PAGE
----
Quote Originally Posted by PhoenixPhyre View Post
[2] Bronze is an alloy of metals with certain aspects, which are found together in nature somewhat more frequently than copper and tin are on Earth. But the basic idea and the properties are close enough for government work.
Bronze is an alloy of copper and something else. Tin isn't the only potential partner to the copper, one used earlier was arsenic. That's where the myths of the "lame smith" come from, because working with arsenic is very unhealthy. So you've got potential license with what the other material(s) are.

Quote Originally Posted by Pauly View Post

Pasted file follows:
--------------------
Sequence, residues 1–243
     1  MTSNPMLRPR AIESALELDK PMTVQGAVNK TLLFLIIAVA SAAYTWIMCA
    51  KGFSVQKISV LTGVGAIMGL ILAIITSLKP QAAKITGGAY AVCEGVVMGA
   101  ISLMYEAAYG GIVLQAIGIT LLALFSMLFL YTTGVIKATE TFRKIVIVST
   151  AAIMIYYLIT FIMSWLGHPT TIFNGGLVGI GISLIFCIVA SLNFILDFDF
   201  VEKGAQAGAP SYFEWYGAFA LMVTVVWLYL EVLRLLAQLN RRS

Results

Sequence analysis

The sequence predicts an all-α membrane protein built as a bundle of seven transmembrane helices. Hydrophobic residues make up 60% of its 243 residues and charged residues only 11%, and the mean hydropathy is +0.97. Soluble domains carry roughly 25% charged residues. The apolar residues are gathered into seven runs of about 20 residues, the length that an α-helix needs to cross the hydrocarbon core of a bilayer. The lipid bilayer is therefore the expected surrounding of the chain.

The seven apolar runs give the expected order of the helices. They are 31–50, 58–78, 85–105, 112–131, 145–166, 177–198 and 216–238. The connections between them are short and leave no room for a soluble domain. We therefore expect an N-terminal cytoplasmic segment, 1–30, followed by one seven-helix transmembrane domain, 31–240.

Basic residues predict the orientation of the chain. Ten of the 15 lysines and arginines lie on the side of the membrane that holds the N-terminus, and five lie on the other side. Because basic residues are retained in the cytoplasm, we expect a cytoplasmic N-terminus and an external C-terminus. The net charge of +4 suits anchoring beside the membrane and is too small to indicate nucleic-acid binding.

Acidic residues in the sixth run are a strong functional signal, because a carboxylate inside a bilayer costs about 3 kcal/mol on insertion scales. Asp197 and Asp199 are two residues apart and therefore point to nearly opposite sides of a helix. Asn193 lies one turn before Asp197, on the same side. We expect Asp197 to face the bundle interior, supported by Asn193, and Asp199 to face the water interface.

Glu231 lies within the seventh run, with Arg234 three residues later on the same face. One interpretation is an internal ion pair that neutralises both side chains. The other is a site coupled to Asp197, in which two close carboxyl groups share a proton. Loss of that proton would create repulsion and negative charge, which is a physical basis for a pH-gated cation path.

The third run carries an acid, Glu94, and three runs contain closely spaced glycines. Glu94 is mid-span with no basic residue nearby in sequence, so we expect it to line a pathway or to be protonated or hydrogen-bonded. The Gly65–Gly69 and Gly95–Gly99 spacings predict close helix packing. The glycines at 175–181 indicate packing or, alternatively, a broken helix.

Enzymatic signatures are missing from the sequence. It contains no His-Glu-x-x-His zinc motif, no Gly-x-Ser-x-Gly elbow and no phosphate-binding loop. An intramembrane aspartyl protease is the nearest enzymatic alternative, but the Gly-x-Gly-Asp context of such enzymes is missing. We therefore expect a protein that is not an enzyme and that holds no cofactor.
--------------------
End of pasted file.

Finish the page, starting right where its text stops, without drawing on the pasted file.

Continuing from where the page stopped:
The Incas had fairly advanced metallurgy. The primary weapon was the sling, and the best armors against sling shots are ones that can take the impact and spread it out and slow it down. i.e. quilted armor. There are Spanish records from the conquest and revolutions that report Inca slingers being able to kill Spaniards with iron helmets through headshots. The primary sidearm was a mace. Bronze armor doesnít defend that well against maces and slings so there is a good chance the Incas just didnít consider bronze armor worth developing. They did have some ceremonial bronze armor, but that was so thin that it cannot have been intended for warfare.
Again, there's bronze and there's bronze. Were the Incas up to the Chinese level of skill with bronze? Greeks and others fought very capable slingers like the Ligurians and Balearics (who used lead bullets, rather than pebbles or stones), and didn't seem to consider bronze armour insufficient.